Many of the reforms that resulted in a welfare state in New Zealand were brought into effect in the 1930s and again in the 1970s by the Labour Party, which was strongly supported by labor unions. This suggests that labor unions were quite powerful in some periods. However, as the economy became increasingly service-oriented the power of the traditional unions—associated with unskilled and semi-skilled workers—declined. In 1991, a new National Party (conservative) government brought in the Employment Contracts Act (ECA), which weakened the power of labor unions. In particular it abolished compulsory unionism in which, if a high proportion of workers in a workplace voted to have a union represent them, then all workers were obliged to join. It also made it more difficult to take strike action, restricted the rights of union representatives to enter a workplace, and instituted several other restrictions which ultimately weakened union power. Soon after the Labour Party was elected in 1999, new legislation, the Employment Relations Act, overturned some aspects of the ECA once again increasing the role of unions in the workplace.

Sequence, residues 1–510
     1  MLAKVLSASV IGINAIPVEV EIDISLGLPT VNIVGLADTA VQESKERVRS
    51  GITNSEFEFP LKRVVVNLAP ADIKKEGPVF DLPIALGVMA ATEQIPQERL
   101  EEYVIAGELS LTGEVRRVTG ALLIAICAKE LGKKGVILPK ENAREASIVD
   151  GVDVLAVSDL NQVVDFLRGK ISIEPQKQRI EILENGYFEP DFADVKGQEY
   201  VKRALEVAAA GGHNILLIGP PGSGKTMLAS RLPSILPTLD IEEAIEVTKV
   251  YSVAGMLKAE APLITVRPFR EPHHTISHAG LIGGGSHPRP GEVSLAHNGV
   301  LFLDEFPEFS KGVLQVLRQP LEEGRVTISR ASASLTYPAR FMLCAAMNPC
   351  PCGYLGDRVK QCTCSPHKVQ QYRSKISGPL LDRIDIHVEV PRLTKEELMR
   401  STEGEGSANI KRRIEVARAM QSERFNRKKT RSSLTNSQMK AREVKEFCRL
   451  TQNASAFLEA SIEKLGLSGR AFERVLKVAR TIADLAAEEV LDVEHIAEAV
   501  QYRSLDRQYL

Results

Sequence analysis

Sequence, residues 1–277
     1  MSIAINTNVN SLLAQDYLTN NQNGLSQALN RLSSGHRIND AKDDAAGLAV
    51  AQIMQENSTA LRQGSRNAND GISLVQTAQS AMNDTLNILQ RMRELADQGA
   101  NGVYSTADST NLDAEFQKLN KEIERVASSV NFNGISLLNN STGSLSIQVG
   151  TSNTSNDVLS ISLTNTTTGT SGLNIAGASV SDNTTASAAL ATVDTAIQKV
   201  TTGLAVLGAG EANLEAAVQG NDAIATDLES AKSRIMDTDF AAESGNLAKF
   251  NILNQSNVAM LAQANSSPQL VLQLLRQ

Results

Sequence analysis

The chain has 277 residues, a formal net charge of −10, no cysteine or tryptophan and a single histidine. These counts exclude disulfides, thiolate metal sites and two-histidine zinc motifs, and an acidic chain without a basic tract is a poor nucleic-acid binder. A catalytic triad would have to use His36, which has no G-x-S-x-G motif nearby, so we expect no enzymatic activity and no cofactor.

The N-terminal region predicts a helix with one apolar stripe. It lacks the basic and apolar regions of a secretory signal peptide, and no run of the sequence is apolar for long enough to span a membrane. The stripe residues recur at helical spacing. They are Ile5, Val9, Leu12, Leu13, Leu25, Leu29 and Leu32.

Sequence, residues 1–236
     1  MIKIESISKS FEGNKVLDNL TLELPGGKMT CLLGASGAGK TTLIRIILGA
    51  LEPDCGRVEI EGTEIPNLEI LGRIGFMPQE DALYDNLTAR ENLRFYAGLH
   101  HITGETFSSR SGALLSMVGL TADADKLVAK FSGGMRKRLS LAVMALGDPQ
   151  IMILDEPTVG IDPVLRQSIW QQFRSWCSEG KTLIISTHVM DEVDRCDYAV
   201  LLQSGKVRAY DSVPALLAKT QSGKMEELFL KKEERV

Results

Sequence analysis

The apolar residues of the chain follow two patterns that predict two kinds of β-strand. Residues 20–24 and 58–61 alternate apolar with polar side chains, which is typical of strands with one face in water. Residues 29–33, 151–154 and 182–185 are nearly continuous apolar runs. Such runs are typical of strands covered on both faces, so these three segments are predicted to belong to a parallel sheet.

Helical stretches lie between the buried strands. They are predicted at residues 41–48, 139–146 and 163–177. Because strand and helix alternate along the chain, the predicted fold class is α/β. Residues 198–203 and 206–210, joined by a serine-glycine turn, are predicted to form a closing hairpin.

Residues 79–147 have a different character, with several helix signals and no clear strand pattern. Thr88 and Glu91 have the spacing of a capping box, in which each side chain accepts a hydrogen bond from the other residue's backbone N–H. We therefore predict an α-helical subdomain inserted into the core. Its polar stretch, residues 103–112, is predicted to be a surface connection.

Working conditions are regulated by several acts of parliament. The minimum wage in 2000 was NZ$7 an hour for adult workers and NZ$4.20 an hour for those aged 16 to 19. Minimum annual leave after 1 year of employment is 3 weeks, and there are 11 public holidays a year for which a worker must be paid if they fall on days which would otherwise be working days for them (Christmas and New Year's Day must be compensated regardless). The number of hours in the workweek are not legislated, but must be outlined as part of an employment contract; if nothing is explicitly stated in the contract, it defaults to a 40-hour workweek. Parental leave is available to either a mother or a father, and time periods vary according to particular conditions. Parental leave is currently unpaid, but under debate during 2001 is a more comprehensive system of paid parental leave.